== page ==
An Identifiable Center

North Shore Party Space
The North Shore was designed for revelry. On game days, it’s a wild rumpus.

The center of the North Shore is not either stadium. The center of the North Shore is North Shore Drive, whereby all the party bars are located.


Fishing on the Allegheny River Pittsburgh
The Allegheny River is a boundary that provides all sorts of recreational opportunities on the North Shore.

This one is easy, there’s a river to the south and a freeway to the north. Both cut the immediate North Shore off from the rest of what locals call the North Side.


Stadium Parking Lot Steelers Pittsburgh
The only argument I can make for the virtue of surface parking lots is they make for a great place to carouse prior to gametime, such as this one next to Steelers stadium.

The North Shore was made for pedestrians first, and parking second. It’s tough to find a parking spot on Steelers gameday. Many park downtown and wander across a bridge to get to the game. Bucs’ gameday is much simpler to find a spot. Despite the image above, the North Shore does a good job of hiding the vast amounts of parking needed to accommodate two stadiums within a mile of each other.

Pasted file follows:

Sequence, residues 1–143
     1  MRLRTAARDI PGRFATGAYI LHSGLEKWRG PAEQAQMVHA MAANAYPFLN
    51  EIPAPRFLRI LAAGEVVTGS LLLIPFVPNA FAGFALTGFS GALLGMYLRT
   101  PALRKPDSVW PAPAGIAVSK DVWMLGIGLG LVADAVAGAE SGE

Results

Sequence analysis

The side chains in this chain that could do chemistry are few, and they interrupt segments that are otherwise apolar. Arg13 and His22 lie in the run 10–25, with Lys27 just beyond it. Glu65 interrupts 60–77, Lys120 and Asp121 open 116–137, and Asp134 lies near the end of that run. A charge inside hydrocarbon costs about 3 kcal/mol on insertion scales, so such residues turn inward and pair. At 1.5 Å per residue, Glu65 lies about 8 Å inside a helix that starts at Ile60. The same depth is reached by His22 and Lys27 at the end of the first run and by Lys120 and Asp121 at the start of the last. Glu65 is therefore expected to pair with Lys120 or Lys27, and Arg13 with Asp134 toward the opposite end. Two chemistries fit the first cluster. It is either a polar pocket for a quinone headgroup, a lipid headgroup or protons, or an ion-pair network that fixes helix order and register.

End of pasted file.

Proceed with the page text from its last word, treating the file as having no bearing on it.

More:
Detached Sidewalks and Street Trees

Tree lined Allegheny Trail on the North Shore of Pittsburgh.
The North Shore has tree lined streets and tree lined trails, like this section with riverfront condos on the left.

The pedestrian space in the North Shore was designed for the non-vehicular masses. The sidewalks are wide. There are tons of street trees, and the difference between the street and ped space is well defined.

Diverse Architecture and Buildings That Address the Street

North Shore Street Pittsburgh
Even on a quiet, non-gameday Sunday morning, there is always time for a mimosa on the North Shore.

The architecture in the neighborhood is, for the most part, uninspiring. Being a redeveloped neighborhood, the contemporary built environment is your typically affordable construction grade cinderblock boxes with tinted windows and bland finishes. There are, however, plenty of role-up doors that openly connect indoor and outdoor spaces, as well as plenty of outdoor seating to take in the crowds. Therefore, the buildings connect well with the street but the architecture could use improvement.